Dar finally relaxed, her shoulders easing and her hands uncurling. “Let’s see if we’ve got everything.” She gave in, and stepped back from the half ring of uncertain guardsman, and her father’s threatening, brace legged form.
The techs were all crouched near the ground, eyes wide. “Wow.” Shaun muttered, as they joined the three of them. “This is getting crazy.”
“Getting?” Kannan looked upset, and tense. “Never have I felt so scared, you know? Intimidated by my own nationality being in question. It is terrible. I feel like I am walking target, for people to think badly of.”
Kerry felt her heart finally starting to settle back down in her chest. She felt a trembling weakness in her legs and she leaned against Dar for support as much as in comfort. “He didn’t even know who you are. He didn’t even care.” She said. “Jesus.”
“Asshole.” Dar said, quietly.
“You all right?” Kerry murmured, leaning close to her.
Dar didn’t answer for a moment, then she exhaled. “Well.” She said. “At least my cramps are gone.” She glanced down at Kerry. “I just saw red.”
Kerry bumped her shoulder with her head. Then she looked down at the techs. “Kannan, I’m sorry. I know what it’s like to be judged on something you don’t have control over .” She knelt next to him. “Is there something we can do to help with that? We might as well get started, since I think we’re stuck here for a little while.”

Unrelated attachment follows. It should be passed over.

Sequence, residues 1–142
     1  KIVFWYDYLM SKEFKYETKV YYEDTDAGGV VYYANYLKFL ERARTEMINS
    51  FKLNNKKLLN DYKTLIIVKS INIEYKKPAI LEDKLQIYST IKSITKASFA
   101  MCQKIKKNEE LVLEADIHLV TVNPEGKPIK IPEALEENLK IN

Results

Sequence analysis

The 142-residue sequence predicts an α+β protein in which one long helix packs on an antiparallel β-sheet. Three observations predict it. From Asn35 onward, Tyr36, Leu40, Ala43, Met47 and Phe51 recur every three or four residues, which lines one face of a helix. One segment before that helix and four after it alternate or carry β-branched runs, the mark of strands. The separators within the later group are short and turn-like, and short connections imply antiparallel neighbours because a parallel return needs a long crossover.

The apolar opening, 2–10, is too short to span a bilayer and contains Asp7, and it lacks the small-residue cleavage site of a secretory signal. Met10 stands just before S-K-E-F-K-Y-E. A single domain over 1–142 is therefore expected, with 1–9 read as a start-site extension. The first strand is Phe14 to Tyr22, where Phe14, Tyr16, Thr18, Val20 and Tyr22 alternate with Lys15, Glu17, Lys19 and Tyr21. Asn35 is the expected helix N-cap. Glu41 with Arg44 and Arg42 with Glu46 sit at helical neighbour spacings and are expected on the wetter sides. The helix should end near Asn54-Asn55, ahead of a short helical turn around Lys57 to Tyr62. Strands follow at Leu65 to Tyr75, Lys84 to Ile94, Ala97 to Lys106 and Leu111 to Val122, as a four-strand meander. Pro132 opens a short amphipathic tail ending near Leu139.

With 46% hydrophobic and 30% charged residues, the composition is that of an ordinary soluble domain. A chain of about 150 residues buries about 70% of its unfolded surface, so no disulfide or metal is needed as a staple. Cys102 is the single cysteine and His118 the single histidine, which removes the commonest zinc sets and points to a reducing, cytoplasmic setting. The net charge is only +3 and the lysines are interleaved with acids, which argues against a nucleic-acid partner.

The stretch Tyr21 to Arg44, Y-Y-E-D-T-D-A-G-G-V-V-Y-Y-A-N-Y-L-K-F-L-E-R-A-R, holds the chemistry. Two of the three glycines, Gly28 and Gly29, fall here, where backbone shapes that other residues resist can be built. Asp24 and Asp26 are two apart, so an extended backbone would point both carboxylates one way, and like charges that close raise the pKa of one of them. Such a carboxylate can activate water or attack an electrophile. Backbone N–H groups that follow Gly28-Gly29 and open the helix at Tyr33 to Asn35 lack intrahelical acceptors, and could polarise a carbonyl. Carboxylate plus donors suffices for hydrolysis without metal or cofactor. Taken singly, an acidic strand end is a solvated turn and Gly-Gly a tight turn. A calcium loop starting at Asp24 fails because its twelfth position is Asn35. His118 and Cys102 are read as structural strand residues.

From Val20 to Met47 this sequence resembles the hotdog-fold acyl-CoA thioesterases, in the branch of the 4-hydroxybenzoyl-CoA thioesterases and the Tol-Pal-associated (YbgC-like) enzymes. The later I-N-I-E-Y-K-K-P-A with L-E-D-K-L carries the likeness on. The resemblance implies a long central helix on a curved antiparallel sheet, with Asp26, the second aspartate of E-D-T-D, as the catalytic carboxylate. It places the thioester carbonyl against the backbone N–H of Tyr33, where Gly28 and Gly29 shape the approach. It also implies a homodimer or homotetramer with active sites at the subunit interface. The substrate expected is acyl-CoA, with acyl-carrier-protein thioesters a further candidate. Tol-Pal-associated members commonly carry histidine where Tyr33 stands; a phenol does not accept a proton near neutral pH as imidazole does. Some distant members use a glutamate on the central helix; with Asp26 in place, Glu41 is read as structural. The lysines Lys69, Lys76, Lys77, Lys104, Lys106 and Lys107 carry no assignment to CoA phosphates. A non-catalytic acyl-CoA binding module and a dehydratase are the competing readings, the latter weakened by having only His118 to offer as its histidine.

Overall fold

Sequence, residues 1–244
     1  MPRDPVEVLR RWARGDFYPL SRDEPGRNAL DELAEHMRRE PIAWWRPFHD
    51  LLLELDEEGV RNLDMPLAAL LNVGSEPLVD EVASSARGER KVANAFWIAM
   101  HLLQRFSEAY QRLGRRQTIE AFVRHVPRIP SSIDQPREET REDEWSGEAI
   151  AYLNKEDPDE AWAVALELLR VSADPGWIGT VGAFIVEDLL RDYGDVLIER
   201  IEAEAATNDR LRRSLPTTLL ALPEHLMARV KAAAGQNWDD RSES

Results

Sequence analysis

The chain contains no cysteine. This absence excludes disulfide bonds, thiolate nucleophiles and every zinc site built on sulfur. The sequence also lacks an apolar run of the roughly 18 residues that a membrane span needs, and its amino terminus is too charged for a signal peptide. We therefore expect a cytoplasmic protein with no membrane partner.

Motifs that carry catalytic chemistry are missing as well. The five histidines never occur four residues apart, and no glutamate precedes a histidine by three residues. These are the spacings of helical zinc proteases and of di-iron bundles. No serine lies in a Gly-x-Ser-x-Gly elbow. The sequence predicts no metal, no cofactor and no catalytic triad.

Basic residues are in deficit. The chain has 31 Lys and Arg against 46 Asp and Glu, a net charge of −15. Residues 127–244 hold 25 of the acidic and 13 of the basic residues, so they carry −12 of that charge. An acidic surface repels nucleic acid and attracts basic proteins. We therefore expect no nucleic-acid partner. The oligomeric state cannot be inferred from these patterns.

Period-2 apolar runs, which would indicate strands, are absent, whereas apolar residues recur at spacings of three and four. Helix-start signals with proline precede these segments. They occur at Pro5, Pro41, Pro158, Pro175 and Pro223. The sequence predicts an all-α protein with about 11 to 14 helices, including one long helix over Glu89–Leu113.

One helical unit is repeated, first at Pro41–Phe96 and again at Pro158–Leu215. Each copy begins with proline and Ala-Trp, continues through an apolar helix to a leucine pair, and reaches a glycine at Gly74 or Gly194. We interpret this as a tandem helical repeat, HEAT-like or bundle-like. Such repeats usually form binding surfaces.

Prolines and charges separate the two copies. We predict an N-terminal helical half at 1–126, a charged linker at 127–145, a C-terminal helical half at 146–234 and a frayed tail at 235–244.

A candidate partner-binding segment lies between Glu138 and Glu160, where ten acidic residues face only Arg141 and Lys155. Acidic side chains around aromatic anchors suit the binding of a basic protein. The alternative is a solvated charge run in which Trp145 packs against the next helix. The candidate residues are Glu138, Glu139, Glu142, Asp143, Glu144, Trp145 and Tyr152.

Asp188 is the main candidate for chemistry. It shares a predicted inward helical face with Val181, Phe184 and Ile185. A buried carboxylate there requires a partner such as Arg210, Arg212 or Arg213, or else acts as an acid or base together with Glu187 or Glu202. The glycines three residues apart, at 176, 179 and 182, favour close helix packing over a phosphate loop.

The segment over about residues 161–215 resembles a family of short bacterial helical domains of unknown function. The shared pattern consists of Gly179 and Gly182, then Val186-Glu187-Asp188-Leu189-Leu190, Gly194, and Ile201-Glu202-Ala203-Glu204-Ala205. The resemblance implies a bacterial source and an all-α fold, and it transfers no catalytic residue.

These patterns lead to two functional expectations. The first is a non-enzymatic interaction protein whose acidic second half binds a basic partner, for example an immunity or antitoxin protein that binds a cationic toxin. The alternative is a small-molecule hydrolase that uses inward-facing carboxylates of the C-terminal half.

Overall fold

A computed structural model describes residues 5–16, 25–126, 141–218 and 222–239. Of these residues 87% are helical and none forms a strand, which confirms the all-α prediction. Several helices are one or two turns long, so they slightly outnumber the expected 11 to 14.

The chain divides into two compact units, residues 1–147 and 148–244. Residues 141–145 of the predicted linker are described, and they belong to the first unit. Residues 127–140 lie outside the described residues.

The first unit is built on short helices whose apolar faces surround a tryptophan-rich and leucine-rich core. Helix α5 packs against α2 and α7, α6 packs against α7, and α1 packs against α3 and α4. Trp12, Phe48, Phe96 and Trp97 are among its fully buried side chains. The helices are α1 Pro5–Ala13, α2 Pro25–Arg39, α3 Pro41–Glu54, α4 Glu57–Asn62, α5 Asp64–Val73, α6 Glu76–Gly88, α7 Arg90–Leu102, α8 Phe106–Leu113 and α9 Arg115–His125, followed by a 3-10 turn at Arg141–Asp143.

The techs were willing to be distracted. Kannan pulled his bag over and took out a tool kit and set it on the ground, then removed a handful of bits and pieces from the paper bag. “Not too much light here. “ He looked up at the orange lamps.
“I have a flashlight.” Shaun paused, removing it from his pack. “Want me to hold it?”
“I will.” Dar held her hand out for it. “Let’s get done what we can. Then the beer’s on me.”
The techs smiled timidly at her, and started to get to work. Dar turned the light on and focused it on the sidewalk with it’s odd scattering of technical debris, glad of a chance just to stand still, the sense of thrumming anger only slowly fading from her awareness.
Kerry’s shoulder was pressed against her knee. Dar slowly turned her head and stared past her father’s form, at the soldiers who were staring back at them.
Kerry put her hands on her hips as they listened to the guard commander, casting a glance behind her where the three techs were now seated in a ring of bright white light from the headlamps of four guard vehicles.
“Listen, I know how damned crazy this all is.” Dar said. “But you people need to think before you start wailing away on folks you don’t even know did anything.”
“Ms. Roberts, I understand what you’re saying.” The guard commander replied. “But to be honest, there’s no time to think right now. Just react. I know you know what I mean.”
Dar sighed. Andrew sighed. Alastair grunted and shook his head.
“I’m really sorry we..no, I didn’t leave notes for Josh there about you people being inside.” The commander went on. “I got called out on a bomb threat, and three men were arrested with parts in a backpack, a lot like what your guys there looked like.”